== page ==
Vaccines ‘don’t work equally against covid variants’ says expert
The UK is forging ahead with vaccinations against coronavirus, with more than 10 million people vaccinated so far. Government data up to February 1 showed of the 10,143,511 jabs given in the UK so far, 9,646,715 were first doses.
Now Health Secretary Matt Hancock has said he is “optimistic” about the prospect of people being able to enjoy a holiday in the summer.
He said on ITV’s Good Morning Britain: “I’m optimistic that we will have a great British summer.”
“The challenge we all still have is we have to keep control of the virus, so we have got to monitor progress.
“But the vaccine rollout is going well, the vaccines clearly work and so this is really, really good progress.”
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There are two vaccines currently being given out across the UK, the Oxford/AstraZeneca vaccine, and the Pfizer/BioNTech jab.
Now a study has shown a single dose of the Oxford vaccine may reduce transmission of coronavirus by two thirds.
Researchers said that the first dose of the Oxford/AstraZeneca jab offers protection of 76 percent up to three months and may reduce transmission by 67 percent – with efficacy rising to 82.4 percent after the second dose 12 weeks later.
This backs up the Government’s strategy to delay second doses for up to 12 weeks.
So what are the after-effects of the Covid vaccine?
As with any vaccine, there can be some mild side effects.
These can be pain from the site of infection or feeling run down and flu-like as your body accepts the vaccine.
However, symptoms should be mild and not last longer than a few days.
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The Government says side effects from the vaccine include:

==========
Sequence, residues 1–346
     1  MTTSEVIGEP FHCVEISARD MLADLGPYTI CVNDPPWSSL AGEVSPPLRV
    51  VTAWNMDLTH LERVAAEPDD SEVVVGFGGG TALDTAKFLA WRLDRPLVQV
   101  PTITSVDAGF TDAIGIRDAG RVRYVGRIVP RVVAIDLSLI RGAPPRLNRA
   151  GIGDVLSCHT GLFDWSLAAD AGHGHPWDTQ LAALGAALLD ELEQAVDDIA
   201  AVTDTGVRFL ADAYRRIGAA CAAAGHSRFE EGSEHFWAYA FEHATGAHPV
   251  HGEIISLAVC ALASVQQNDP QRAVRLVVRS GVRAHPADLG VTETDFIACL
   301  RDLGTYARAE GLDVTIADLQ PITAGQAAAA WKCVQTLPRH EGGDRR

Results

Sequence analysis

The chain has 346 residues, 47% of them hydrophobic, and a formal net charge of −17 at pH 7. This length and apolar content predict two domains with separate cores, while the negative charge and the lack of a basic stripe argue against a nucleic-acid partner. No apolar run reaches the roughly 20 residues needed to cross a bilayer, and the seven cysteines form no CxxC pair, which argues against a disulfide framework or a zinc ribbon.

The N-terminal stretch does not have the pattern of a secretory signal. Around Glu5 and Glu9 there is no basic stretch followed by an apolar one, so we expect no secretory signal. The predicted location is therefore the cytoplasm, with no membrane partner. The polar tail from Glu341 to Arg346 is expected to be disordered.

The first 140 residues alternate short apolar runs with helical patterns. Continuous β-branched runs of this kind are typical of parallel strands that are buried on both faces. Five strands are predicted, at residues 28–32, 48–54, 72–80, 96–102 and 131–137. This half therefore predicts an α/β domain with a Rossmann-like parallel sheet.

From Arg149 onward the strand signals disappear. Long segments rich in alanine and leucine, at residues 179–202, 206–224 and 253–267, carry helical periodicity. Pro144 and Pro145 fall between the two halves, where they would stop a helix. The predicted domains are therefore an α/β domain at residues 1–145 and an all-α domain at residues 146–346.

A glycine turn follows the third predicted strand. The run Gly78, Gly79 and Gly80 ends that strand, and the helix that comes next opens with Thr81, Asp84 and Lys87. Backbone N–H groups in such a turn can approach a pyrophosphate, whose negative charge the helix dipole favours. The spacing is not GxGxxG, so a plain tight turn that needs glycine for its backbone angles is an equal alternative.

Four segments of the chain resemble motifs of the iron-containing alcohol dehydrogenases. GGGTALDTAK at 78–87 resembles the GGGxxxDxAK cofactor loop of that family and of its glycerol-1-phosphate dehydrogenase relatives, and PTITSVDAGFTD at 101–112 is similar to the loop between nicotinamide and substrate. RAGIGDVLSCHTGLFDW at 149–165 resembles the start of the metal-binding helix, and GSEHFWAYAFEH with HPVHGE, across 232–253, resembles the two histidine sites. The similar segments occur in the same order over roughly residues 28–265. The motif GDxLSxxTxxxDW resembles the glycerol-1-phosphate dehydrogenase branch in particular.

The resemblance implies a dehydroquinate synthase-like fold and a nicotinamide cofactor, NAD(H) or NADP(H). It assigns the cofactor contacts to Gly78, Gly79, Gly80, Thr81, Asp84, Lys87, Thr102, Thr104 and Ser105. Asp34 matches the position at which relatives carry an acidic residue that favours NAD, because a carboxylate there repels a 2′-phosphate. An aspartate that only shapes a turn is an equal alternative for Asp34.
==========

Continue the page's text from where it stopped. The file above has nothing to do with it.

- having a painful, heavy feeling and tenderness in the arm where you had your injection. This tends to be worst around one to two days after the vaccine
- feeling tired
- general aches, or mild flu like symptoms
If you have any of these symptoms the NHS says you can take painkillers.
Most people tend to experience mild side effects and are usually back to normal within a few days of the jab.
The NHS says symptoms following vaccination normally last less than a week.
However if your symptoms seem to get worse or if you are concerned, call NHS 111.
Will the vaccine give me Covid symptoms?
The answer to this is a resounding no. There may be minor side effects similar to those of the flu jab but the vaccine will not give the recipient coronavirus or coronavirus symptoms.
Trudie Lang, professor of Global Health Research at the University of Oxford said: “Mild reactions have been reported in some people, which could be things like a fever, or feeling slightly unwell.
“But that doesn’t mean you’ve got Covid. And that’s the same as a normal flu vaccine. The vaccine’s not live.”
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